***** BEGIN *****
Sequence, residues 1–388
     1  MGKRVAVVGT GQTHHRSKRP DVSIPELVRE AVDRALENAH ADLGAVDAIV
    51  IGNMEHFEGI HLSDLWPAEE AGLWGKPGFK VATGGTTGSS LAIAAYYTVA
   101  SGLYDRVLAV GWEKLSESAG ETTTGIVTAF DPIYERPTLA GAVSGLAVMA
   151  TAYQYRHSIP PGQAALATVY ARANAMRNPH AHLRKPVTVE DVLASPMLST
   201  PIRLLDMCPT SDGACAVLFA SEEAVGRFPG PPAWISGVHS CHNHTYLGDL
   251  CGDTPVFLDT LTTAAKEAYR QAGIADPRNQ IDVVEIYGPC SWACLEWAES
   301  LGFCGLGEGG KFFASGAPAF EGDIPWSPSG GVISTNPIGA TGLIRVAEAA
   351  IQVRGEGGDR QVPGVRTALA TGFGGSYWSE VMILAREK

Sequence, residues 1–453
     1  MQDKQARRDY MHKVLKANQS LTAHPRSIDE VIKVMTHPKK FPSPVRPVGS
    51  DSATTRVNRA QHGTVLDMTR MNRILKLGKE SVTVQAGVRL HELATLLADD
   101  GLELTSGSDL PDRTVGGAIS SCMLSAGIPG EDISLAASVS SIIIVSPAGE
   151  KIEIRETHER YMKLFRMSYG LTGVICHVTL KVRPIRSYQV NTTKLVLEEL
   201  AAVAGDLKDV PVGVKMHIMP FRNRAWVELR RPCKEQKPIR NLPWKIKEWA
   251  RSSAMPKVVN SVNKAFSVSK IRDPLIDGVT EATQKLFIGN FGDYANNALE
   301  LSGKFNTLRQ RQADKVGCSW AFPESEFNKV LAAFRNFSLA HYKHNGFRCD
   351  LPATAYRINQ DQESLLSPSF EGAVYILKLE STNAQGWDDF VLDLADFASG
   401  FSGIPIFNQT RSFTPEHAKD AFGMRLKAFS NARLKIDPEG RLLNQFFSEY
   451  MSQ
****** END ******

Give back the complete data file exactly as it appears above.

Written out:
Sequence, residues 1–388
     1  MGKRVAVVGT GQTHHRSKRP DVSIPELVRE AVDRALENAH ADLGAVDAIV
    51  IGNMEHFEGI HLSDLWPAEE AGLWGKPGFK VATGGTTGSS LAIAAYYTVA
   101  SGLYDRVLAV GWEKLSESAG ETTTGIVTAF DPIYERPTLA GAVSGLAVMA
   151  TAYQYRHSIP PGQAALATVY ARANAMRNPH AHLRKPVTVE DVLASPMLST
   201  PIRLLDMCPT SDGACAVLFA SEEAVGRFPG PPAWISGVHS CHNHTYLGDL
   251  CGDTPVFLDT LTTAAKEAYR QAGIADPRNQ IDVVEIYGPC SWACLEWAES
   301  LGFCGLGEGG KFFASGAPAF EGDIPWSPSG GVISTNPIGA TGLIRVAEAA
   351  IQVRGEGGDR QVPGVRTALA TGFGGSYWSE VMILAREK

Sequence, residues 1–453
     1  MQDKQARRDY MHKVLKANQS LTAHPRSIDE VIKVMTHPKK FPSPVRPVGS
    51  DSATTRVNRA QHGTVLDMTR MNRILKLGKE SVTVQAGVRL HELATLLADD
   101  GLELTSGSDL PDRTVGGAIS SCMLSAGIPG EDISLAASVS SIIIVSPAGE
   151  KIEIRETHER YMKLFRMSYG LTGVICHVTL KVRPIRSYQV NTTKLVLEEL
   201  AAVAGDLKDV PVGVKMHIMP FRNRAWVELR RPCKEQKPIR NLPWKIKEWA
   251  RSSAMPKVVN SVNKAFSVSK IRDPLIDGVT EATQKLFIGN FGDYANNALE
   301  LSGKFNTLRQ RQADKVGCSW AFPESEFNKV LAAFRNFSLA HYKHNGFRCD
   351  LPATAYRINQ DQESLLSPSF EGAVYILKLE STNAQGWDDF VLDLADFASG
   401  FSGIPIFNQT RSFTPEHAKD AFGMRLKAFS NARLKIDPEG RLLNQFFSEY
   451  MSQ